Almost one in four (23 per cent) of UK adults plan to never turn their heating on this winter. This rises to over one in four (27 per cent) amongst parents with children under the age of 18.
The party is calling for scrapping of the energy price cap rise in October, as well as further targeted support provision at the lowest paid.
The party’s plan to keep energy bills at their current price would be part funded by a further Windfall Tax on oil and gas companies – also called on by Scottish Labour.
The Scottish Greens have called for the UK Government to reverse the price cap to October 2021 levels, bring back and double the £20 Universal Credit and consider raising minimum wage and nationalise energy companies to protect communities in the Highlands and Islands from a “winter wipe out of fuel, food and families”.
Bruce Adamson, the Children and Young People’s Commissioner for Scotland, also insisted “urgent action” was needed from all levels of government.
Mr Adamson has already warned energy regulators at Ofgem that the rise in the cap will see more families “pushed into poverty and destitution with devastating consequences”.
The £400 rebate on energy bills already promised by the UK Government was “nowhere near enough”, the children’s commissioner said.
Instead, Mr Adamson said: “We need urgent action from the UK Government, the Scottish Government, from local authorities, everyone who is in a position of power needs to act immediately, because this isn’t affecting just a small number of children and families, this is affecting every single child in Scotland.”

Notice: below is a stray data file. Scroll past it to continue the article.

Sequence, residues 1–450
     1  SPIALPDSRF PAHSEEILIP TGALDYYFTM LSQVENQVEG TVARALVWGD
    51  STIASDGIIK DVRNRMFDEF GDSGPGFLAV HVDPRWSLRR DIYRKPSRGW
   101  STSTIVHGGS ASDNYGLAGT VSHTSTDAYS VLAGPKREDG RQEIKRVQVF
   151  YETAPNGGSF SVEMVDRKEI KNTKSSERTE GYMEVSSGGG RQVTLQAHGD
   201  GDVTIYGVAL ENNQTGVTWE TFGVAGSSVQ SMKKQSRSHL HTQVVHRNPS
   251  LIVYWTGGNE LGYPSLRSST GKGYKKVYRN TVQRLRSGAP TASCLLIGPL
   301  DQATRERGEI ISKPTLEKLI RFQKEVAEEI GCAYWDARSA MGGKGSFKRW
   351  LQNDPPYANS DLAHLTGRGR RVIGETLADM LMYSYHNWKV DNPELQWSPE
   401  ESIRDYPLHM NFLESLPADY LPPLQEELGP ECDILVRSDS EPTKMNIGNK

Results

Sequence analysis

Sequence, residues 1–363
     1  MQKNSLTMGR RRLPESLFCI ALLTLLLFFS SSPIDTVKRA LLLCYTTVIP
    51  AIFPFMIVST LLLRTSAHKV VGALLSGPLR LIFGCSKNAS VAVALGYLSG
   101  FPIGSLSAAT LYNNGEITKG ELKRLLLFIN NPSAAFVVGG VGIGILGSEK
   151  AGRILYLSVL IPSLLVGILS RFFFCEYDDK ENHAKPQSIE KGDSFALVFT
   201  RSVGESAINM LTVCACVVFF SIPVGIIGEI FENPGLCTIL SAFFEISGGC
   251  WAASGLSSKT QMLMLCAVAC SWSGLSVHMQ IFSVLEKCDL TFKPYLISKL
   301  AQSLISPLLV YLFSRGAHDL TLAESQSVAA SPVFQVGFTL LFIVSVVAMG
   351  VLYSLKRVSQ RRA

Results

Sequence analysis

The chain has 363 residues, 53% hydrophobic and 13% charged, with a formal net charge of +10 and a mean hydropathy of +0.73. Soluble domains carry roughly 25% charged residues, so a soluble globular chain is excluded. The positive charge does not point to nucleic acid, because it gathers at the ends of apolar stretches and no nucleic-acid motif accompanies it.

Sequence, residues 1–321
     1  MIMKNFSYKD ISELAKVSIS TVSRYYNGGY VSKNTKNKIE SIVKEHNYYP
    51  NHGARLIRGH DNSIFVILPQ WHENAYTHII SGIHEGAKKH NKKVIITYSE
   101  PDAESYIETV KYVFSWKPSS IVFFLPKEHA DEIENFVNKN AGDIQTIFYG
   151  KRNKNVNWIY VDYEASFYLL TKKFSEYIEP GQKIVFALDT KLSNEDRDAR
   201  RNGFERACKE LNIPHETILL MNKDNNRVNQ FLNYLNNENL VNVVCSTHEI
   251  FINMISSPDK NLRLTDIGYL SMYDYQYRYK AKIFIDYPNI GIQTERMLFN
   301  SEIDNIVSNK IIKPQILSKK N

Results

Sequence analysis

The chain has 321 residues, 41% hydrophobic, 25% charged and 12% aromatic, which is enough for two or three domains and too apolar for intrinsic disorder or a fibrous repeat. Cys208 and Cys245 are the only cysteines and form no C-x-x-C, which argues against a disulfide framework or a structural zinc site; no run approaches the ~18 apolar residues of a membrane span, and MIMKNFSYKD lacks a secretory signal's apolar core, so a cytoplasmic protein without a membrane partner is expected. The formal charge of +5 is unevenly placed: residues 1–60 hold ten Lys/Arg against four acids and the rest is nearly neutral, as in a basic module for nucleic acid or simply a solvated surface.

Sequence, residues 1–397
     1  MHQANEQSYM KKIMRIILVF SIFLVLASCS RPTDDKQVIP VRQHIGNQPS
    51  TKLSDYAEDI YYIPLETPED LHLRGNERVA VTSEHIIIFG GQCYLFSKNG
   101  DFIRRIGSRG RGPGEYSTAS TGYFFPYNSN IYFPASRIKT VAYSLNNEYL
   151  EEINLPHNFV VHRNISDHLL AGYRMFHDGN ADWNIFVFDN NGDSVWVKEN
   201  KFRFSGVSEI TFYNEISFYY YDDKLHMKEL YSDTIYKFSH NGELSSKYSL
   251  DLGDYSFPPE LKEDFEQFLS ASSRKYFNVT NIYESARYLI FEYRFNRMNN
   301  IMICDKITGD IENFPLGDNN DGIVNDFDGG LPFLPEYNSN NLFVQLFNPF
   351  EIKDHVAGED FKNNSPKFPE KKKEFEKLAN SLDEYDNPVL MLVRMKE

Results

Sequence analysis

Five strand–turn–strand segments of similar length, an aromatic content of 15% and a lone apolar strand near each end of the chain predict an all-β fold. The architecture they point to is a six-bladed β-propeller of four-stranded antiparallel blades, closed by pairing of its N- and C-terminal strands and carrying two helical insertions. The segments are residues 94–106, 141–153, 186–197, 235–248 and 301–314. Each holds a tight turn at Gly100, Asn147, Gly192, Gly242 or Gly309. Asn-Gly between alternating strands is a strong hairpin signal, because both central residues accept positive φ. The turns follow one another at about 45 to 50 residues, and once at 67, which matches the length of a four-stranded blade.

Tracy Black, CBI Scotland director, said both governments need to step in to prevent business from closing and to encourage economic growth.
Ms Black said: “Raw materials have become more expensive, freight costs are more expensive so there’s real pressure on businesses and it’s not set to get better over the coming months.
CBI Scotland has asked the government to commit to business rate freezes and flexibility in paying loans with a pandemic loan scheme expanded.
The body has also asked for the industrial energy transformation fund to be expanded to help businesses use less energy and help households with bills.
The Scottish Government has said they are treating the energy crisis as a “public emergency” and households “simply cannot” be expected to carry the burden of further price rises in October.
They have called also called on the UK Government to commit to freezing the cap for all households and to supporting energy companies to deliver that.
The Scottish Government said it has allocated almost £3 billion this financial year to help households face the increased cost of living.
This includes the provision of services and financial support not available elsewhere in the UK such as the Scottish Child Payment and the £10 million for the Fuel Insecurity Fund.
Boris Johnson said whoever succeeds him in No 10 would announce "another huge package of financial support".
The outgoing PM hinted at the scale of the options to ease the burden being teed up for either Ms Truss or Mr Sunak to consider, as he insisted "we must and we will help people through the crisis".